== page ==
FAIRBANKS — The University of Alaska Board of Regents approved a $50,000 bonus for UA President Jim Johnsen during its meeting in Juneau Thursday.
Johnsen, upon being awarded the bonus, pledged to donate the money back to the university.
“As president, I am committed to giving back to this great university,” he said, “and to supporting the many programs about which I feel very strongly.”
According to Jyotsna Heckman, chairwoman of the subcommittee that assessed Johnsen’s performance, the bonus was part of Johnsen’s original contract. It stated that he would be awarded the amount if he met certain goals outlined in the contract, including increasing the incoming number of Alaska Performance Scholarship recipients, increasing the number of degrees and credentials earned by Alaska Native students and decreasing statewide spending, among others.
Johnsen said he plans to donate the full amount to three projects at the university, including the Troth Yeddha’ Indigenous Studies center, the Sen. Ted Stevens Legislative Internship Program and a future initiative to develop a statewide center of leadership development, which is now in planning stages.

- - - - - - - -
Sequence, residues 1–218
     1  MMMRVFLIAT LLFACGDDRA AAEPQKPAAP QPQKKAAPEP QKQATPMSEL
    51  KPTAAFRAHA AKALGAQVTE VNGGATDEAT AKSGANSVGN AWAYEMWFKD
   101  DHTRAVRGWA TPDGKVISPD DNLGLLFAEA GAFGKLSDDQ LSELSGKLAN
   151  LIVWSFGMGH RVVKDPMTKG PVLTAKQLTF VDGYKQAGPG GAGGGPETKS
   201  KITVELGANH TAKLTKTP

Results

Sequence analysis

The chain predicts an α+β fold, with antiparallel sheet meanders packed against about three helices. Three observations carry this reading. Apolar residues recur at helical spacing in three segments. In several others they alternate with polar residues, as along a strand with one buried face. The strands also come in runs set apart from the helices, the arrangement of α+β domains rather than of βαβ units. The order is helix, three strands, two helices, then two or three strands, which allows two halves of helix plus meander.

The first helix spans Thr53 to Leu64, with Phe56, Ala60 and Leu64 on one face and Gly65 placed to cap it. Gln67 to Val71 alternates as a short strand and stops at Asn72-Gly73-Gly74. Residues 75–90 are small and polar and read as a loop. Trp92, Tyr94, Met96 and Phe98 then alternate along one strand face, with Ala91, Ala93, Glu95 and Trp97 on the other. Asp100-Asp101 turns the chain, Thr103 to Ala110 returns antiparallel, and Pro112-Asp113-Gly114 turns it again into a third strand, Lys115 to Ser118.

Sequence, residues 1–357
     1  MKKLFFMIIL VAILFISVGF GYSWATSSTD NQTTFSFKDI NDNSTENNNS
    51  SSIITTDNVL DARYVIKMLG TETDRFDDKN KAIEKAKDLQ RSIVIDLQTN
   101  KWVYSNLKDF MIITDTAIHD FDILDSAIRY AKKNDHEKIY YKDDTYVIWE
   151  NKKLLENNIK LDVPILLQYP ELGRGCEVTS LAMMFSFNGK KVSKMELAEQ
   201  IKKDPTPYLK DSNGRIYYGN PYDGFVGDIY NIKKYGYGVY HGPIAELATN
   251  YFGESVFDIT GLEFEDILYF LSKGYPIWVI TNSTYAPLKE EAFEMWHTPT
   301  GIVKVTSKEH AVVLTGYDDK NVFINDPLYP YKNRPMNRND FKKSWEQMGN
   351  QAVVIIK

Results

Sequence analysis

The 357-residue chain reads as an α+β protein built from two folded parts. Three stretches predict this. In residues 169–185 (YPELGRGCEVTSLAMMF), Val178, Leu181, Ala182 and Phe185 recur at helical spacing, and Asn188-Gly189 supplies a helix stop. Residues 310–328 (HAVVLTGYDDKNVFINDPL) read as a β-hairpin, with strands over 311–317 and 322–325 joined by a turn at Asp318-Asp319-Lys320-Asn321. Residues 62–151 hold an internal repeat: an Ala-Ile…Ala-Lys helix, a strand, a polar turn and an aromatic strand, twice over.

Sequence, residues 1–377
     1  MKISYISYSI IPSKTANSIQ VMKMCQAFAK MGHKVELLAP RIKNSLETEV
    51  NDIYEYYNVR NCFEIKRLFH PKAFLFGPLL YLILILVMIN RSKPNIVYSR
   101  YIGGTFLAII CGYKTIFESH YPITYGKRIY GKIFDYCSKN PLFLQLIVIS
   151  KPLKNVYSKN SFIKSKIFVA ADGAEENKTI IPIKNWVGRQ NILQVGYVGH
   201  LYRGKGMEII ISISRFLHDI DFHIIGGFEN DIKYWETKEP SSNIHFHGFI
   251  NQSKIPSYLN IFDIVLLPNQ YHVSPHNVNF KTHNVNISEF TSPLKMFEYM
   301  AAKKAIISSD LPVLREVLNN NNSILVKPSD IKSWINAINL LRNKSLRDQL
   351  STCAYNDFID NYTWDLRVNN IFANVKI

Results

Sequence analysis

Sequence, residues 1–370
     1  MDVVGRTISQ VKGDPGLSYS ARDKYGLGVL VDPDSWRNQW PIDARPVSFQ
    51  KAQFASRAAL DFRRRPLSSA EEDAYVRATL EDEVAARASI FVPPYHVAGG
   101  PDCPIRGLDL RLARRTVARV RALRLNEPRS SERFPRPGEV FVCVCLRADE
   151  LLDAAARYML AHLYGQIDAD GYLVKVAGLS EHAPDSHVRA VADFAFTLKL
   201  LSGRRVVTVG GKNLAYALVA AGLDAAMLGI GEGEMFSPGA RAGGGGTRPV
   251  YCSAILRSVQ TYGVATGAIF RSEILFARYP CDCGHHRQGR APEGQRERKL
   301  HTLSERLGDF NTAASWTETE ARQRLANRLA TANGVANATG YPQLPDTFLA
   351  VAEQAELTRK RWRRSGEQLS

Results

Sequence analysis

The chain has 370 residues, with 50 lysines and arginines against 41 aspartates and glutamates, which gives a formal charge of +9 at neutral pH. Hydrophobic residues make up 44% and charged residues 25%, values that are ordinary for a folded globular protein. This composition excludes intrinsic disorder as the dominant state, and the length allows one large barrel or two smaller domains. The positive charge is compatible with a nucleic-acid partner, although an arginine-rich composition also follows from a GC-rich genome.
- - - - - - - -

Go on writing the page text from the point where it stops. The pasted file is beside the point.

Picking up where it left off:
“These initiatives will support the cultural and scholarly needs of our students and Alaska’s first peoples,” Johnsen said. “Through these programs we honor the legacy of Sen. Ted Stevens and contribute to establishing a new level of excellence and academic focus on leadership.”
This type of bonus has been met with public outcry in the past, with former UA President Pat Gamble’s approved $320,000 retention bonus inciting community outrage including a series of public protests and letters to the editor that eventually caused regents to rescind the offer.
During the most recent two-day meeting held at the University of Alaska Southeast, university leaders also discussed a plan to increase tuition 5 percent each year for the next two years. These increases would begin in academic year 2019.
University officials also discussed Johnsen’s Strategic Pathways plan to streamline university structure, which is now in its third phase.
Johnsen said he plans to continue to gather input on proposed directions in seven areas — arts and humanities, social and natural sciences, mine training, finance, land management, risk management and facilities. Johnsen will offer his recommendations for cuts and consolidations at the November board meeting in Anchorage.
Contact staff writer Erin Granger at 459-7544. Follow her on Twitter: @FDNMPolitics.